Not so, argued those like Mr. Heubusch, who sought a visible marker to the speech that many credit with at least symbolically creating the first cracks in the Berlin Wall, which East German demonstrators finally pressured their government to open on the night of Nov. 9, 1989.
In 2012, the city allowed a plaque embedded in the sidewalk on the exact location where Mr. Reagan stood when giving the speech, with the East German capital, stretching out behind it. The foundation had largely given up the fight for a statue when Richard Grenell, the Ambassador to Germany, contacted them to say he had named the terrace on the embassy roof overlooking the Brandenburg Gate after Mr. Reagan — and suggested it would make a perfect place for the statue.
“If you examine the sculpture closely, you’ll discover that I placed an original piece of The Wall inside the hollow bronze stack of speech cards,” said Chas Fagan, the artist commissioned by the foundation to create the 800-pound bronze statue. “The story of the Berlin Wall is embedded in the sculpture.”
The significance of that speech has been fiercely debated since that June afternoon, with some dismissing it as an act of showmanship, while others consider it the first direct challenge to the Soviet leadership to take action.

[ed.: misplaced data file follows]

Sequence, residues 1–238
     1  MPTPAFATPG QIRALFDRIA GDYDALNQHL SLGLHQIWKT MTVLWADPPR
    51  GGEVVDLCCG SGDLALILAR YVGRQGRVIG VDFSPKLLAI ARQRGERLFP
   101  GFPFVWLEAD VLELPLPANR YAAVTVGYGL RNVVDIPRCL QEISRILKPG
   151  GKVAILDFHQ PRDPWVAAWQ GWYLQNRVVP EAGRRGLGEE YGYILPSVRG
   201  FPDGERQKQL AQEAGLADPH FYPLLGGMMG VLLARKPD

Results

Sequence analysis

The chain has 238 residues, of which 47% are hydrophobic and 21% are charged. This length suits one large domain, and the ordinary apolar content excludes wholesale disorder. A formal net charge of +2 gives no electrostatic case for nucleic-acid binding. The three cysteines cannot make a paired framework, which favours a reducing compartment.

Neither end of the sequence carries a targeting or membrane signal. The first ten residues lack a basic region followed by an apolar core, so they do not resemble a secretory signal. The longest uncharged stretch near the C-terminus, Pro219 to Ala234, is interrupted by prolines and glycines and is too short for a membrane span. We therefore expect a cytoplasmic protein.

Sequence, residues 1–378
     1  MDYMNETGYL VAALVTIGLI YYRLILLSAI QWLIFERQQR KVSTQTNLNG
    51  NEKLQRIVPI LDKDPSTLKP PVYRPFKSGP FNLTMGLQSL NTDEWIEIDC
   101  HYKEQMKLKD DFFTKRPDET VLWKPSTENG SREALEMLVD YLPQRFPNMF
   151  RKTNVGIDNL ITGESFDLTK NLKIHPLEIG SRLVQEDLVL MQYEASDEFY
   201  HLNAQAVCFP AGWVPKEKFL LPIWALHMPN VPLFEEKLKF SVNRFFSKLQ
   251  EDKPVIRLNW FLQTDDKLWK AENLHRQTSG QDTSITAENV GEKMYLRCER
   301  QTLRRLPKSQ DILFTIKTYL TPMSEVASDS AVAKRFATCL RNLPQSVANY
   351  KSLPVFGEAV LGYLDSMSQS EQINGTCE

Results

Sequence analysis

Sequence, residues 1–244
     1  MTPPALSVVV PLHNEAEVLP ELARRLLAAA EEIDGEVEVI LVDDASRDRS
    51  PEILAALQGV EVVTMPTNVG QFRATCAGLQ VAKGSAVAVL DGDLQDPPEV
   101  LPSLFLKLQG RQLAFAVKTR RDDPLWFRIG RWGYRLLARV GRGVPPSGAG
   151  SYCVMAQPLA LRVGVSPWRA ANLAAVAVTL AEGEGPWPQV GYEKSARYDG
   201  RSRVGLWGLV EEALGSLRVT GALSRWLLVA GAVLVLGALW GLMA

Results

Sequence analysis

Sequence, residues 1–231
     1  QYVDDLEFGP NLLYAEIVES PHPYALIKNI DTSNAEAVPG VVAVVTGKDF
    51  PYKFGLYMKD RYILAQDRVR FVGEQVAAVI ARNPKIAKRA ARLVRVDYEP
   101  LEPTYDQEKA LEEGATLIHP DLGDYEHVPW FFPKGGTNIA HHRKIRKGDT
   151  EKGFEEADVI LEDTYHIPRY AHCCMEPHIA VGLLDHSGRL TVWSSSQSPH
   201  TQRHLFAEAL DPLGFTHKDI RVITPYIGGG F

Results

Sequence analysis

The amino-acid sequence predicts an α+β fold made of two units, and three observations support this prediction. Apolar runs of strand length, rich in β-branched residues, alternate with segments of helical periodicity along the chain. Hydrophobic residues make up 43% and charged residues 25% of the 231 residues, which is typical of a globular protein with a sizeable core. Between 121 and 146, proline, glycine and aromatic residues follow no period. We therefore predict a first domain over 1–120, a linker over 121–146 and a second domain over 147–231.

Some years earlier, concerned that the Soviet Union was falling behind the West, Mr. Gorbachev had declared the twin programs of perestroika and glasnost. These were intended to open up civil society and to restructure the economy to make it more responsive to market signals, but there was a lively debate in the West whether he was sincere.
“General Secretary Gorbachev, if you seek peace, if you seek prosperity for the Soviet Union and Eastern Europe, if you seek liberalization: Come here to this gate!” he said. “Mr. Gorbachev, open this gate! Mr. Gorbachev, tear down this wall!”
Appealing directly to East Germans, Mr. Reagan also said, “Es gibt nur ein Berlin,” or “There is only one Berlin” — a remark that would prove equally prescient.